The inclusiveness of NFU Scotland (NFUS) has been questioned less than a week after the union launched a campaign seeking to recruit new members.
Union president Andrew McCornick and vice-presidents Charlie Adam and Martin Kennedy were at the Kintore Arms in Inverurie to gather views from members and give an overview of its policy priorities.
However, efforts to promote the union’s new family membership offering, which seeks to get everyone working in a member farm business involved with NFUS, backfired .
Udny farmer Michelle Stephen, of Meikle Tillyeve, accused NFUS of poor attitudes towards women.
Ms Stephen, who was one of only three women at the meeting, said: “I’m quite disgusted about your opinions about female farmers.
“It’s no wonder females don’t come to meetings like this.”
When asked what had prompted her statement, Ms Stephen said she didn’t agree with comments by other members about the role of women as secretaries on farms and that the new family membership was a way to speak to others rather than men, who were the head of the business.
“You should be getting out to everybody,” she said.
NFUS regional manager for the north-east, Lorna Paterson, said the family membership sought to get more females and young people involved.
She said: “We need females to be coming and wanting to work with us. It’s the same with young people. It’s brilliant that you are here but you are in the minority.”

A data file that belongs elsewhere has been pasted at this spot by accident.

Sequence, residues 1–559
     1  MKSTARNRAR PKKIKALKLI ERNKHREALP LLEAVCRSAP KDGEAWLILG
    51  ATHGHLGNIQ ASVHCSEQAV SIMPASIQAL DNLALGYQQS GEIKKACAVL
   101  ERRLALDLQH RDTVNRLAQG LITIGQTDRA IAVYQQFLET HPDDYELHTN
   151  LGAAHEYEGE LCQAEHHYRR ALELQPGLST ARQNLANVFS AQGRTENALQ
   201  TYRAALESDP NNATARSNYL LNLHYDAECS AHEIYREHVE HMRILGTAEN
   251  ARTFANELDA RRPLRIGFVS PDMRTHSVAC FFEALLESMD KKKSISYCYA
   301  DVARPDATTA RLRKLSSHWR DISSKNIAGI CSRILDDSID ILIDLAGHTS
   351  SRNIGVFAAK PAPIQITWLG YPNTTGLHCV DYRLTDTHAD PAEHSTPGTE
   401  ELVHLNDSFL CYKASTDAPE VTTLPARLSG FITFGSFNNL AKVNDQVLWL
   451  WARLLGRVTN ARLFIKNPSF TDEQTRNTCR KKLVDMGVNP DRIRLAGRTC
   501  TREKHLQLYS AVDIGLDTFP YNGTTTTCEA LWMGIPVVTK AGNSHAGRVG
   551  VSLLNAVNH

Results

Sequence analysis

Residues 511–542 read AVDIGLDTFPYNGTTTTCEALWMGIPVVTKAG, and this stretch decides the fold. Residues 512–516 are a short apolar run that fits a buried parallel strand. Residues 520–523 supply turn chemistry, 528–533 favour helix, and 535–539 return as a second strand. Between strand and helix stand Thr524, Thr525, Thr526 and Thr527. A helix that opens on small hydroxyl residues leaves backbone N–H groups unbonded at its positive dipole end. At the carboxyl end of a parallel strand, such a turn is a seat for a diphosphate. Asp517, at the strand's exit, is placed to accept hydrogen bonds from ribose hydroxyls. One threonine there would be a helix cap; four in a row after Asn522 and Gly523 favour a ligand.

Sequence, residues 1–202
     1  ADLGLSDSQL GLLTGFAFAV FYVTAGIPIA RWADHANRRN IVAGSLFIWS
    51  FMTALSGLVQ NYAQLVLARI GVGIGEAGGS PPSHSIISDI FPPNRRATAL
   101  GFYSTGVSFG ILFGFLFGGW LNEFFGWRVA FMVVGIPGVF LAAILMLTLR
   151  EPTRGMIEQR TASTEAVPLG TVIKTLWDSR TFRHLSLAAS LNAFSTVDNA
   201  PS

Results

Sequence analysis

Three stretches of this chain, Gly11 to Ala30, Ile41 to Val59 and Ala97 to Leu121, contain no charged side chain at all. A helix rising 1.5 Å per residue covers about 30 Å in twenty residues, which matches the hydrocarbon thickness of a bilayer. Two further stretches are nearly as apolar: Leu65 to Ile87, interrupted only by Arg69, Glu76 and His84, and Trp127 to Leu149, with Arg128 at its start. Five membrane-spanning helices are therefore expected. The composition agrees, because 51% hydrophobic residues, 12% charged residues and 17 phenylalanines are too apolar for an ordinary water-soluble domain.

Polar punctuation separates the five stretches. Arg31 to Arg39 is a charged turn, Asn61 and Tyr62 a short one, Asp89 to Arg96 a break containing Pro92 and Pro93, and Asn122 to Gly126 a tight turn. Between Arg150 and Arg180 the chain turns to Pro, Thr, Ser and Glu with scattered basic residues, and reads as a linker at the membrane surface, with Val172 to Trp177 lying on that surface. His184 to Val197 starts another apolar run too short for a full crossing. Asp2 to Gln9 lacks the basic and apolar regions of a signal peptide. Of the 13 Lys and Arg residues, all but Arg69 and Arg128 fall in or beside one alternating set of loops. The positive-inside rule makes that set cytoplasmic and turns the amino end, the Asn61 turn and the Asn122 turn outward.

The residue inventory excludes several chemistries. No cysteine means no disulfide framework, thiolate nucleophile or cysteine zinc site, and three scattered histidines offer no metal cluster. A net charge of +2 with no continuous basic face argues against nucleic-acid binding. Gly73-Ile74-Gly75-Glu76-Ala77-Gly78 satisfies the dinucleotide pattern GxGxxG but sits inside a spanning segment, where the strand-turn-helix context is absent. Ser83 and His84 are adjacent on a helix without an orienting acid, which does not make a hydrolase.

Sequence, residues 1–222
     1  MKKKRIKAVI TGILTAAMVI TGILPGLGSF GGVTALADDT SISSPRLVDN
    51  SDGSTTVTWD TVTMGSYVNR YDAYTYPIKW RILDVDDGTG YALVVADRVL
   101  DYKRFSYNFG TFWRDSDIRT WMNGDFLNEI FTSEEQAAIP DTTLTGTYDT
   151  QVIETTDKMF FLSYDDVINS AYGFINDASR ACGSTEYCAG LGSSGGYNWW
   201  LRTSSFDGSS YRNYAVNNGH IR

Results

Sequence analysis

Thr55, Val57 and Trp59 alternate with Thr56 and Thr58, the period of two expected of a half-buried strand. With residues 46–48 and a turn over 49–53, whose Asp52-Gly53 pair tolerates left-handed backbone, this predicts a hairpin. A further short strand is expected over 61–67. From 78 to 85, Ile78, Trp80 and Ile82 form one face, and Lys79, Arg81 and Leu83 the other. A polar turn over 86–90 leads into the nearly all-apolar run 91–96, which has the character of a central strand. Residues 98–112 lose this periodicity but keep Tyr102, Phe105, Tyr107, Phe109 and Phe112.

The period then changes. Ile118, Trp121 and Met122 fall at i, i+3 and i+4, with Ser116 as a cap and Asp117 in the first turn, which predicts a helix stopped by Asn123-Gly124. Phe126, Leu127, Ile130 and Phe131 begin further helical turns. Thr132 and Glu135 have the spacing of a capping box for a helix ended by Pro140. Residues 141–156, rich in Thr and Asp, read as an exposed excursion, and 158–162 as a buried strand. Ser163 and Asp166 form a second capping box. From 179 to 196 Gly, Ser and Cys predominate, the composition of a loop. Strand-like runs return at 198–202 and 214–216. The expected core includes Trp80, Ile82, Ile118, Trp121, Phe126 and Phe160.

Vice-president Martin Kennedy agreed and said the union needed a more diverse membership and image when representing the industry.
He said: “Like it or not, when it comes to lobbying people, if we go in with half a dozen old guys they won’t listen to us.
“We want to encourage younger folk and females to get on-board.
“We need to get on with the grass roots.
“There is a right for everybody to be a member and we need everybody to be on-board.”
Earlier in the meeting a young farmworker also spoke of his difficulties engaging with the union. He said he had tried to join NFUS but was told there was no membership category suitable for him.
Huntly farmer Tom Johnston said: “We need to get the group secretaries informed that if someone comes to join the union, get them joined up. We need them to be positive and give everybody an opportunity.”